If we are lucky enough to have one or more trusted family members or friends, then we know that, when asked by them to do something we really don’t feel comfortable to do, we can share our heartfelt reaction and anticipate their acceptance of our situation with generosity of spirit.
Don’t underestimate the power of this blessing. Embrace it and cherish it. Not everyone has experienced a ‘safe- zone’ wherein honesty is offered and expected as a basic premise. If you feel safe and create feelings of safety, then you have meaningful relationships with people with whom you mutually share vulnerabilities, times of triumph, strength, weakness and more. You are absolutely blessed if this is part of your life. (Note: healthy relationships do not require villain/victim/savior tactics to strengthen the bond. There is a difference between seeking support and seeking ‘saving’ as if one is a victim asking the other to play the role of savior).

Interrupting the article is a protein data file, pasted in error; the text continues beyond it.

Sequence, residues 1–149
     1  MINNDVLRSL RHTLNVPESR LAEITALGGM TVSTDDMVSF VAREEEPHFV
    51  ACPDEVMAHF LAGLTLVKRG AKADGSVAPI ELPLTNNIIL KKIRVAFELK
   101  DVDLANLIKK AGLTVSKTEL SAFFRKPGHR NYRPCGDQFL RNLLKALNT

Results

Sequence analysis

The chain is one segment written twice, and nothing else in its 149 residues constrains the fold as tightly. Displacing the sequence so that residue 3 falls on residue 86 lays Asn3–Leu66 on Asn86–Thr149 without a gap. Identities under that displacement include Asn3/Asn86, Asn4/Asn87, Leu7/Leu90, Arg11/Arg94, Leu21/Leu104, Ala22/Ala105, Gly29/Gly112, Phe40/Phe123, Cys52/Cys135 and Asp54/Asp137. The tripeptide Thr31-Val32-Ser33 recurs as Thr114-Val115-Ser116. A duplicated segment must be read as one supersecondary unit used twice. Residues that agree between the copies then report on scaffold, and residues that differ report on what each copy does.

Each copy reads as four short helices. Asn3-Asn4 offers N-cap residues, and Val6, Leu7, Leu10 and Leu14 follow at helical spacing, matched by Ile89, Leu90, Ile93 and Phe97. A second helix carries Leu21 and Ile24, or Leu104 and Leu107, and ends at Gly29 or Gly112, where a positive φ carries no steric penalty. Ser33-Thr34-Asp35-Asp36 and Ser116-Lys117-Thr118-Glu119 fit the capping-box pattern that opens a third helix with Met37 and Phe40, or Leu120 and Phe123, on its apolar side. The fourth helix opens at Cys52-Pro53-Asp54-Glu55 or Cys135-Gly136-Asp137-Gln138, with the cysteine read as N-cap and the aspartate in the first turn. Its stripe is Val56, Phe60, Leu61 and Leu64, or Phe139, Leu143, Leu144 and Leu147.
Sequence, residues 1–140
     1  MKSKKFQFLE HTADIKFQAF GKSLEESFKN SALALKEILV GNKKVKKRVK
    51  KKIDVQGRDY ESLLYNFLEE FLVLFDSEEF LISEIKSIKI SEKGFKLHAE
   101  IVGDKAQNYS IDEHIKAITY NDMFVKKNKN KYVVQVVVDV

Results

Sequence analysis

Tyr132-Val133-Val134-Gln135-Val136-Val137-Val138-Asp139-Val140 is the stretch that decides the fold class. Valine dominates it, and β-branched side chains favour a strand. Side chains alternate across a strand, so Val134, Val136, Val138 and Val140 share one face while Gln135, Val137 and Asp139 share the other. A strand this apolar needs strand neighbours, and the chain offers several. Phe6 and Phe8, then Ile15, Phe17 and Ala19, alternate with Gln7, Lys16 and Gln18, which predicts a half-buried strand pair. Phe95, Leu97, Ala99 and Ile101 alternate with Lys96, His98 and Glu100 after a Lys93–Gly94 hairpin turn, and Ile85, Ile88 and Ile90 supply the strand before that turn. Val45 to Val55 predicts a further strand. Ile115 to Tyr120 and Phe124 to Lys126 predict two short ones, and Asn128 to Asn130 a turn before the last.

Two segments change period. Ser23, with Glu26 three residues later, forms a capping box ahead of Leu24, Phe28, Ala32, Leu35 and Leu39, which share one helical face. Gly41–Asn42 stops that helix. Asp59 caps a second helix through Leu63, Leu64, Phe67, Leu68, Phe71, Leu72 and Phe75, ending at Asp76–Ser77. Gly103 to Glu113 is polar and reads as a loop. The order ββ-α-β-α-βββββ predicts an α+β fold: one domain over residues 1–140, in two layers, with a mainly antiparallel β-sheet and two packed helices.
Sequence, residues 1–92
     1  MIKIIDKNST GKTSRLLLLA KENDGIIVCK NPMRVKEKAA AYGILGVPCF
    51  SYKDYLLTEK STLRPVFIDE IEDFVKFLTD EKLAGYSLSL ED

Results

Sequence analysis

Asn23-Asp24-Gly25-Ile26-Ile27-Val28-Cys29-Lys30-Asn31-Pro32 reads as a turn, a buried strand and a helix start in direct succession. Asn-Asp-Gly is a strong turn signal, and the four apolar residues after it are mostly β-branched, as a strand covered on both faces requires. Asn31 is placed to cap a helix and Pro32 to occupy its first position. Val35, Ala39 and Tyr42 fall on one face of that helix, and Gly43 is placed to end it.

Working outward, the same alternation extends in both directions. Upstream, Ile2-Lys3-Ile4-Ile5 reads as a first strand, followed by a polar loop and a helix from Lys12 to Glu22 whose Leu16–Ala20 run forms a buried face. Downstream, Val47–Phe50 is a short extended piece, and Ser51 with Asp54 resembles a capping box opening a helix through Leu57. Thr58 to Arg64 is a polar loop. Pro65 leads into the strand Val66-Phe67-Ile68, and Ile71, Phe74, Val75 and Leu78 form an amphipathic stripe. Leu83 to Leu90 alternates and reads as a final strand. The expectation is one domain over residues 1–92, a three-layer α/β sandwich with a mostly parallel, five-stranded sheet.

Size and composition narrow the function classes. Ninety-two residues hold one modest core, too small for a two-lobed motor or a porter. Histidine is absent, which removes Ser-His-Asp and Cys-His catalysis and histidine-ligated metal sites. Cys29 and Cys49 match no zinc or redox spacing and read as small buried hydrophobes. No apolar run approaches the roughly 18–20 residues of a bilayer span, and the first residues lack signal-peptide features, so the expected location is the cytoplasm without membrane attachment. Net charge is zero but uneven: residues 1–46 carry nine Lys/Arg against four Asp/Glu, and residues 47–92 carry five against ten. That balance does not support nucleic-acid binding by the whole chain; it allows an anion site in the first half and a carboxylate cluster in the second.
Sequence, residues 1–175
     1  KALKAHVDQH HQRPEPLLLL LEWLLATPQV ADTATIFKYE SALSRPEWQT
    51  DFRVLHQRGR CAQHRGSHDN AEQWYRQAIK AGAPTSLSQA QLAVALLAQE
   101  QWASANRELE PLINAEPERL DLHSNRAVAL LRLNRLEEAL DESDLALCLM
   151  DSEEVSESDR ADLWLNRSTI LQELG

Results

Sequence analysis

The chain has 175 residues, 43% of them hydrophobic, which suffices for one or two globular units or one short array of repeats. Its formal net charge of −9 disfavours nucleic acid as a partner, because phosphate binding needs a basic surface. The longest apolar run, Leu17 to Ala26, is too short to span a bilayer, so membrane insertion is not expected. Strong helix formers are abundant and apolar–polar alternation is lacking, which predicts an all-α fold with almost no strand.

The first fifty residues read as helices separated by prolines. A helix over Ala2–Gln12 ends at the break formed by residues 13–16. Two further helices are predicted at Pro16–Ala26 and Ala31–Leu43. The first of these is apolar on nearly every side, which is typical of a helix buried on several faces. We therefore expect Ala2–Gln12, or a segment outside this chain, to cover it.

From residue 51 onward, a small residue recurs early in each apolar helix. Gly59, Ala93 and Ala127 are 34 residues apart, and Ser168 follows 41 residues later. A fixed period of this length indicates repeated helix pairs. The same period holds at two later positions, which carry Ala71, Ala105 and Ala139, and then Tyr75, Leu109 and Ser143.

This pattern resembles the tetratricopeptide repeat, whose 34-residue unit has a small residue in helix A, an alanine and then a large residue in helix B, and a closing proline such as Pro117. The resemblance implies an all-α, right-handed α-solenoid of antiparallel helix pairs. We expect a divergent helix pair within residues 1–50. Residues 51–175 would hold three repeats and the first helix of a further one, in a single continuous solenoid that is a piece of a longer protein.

Healthy boundaries are essential to positive relationships. Learning how to draw them is an important key to success, both in close loving relationships as well as with people who don’t create a safe zone for us to share honestly. Setting limits and boundaries helps us protect our deepest self.
Building walls and avoiding all contact is a very different story. Isolation is often hidden behind labels such as ‘shy’ or ‘sensitive‘ which are very real personality characteristics defined by evidence-based data. There is a big difference between healthy boundary setting when you are a shy person, and self-isolation, when you lack healthy coping mechanisms related to more complex issues – and this distinction is made by associated behavior.
Am I setting healthy boundaries by saying “no” or do I have personality issues that require professional attention? Healthy people seek clarification by asking themselves meaningful questions and actively pursuing the answers. To answer this question, there are helpful points to consider:
- Am I trustworthy? You are the only one who really knows how honest you are with yourself and with others. You are not trustworthy if you are self-destructive or if you lie to yourself regularly. That is, if you are self-destructive, your mind/body/spirit balance is disturbed by your own hand. This link might help: how can I heal and earn my own trust?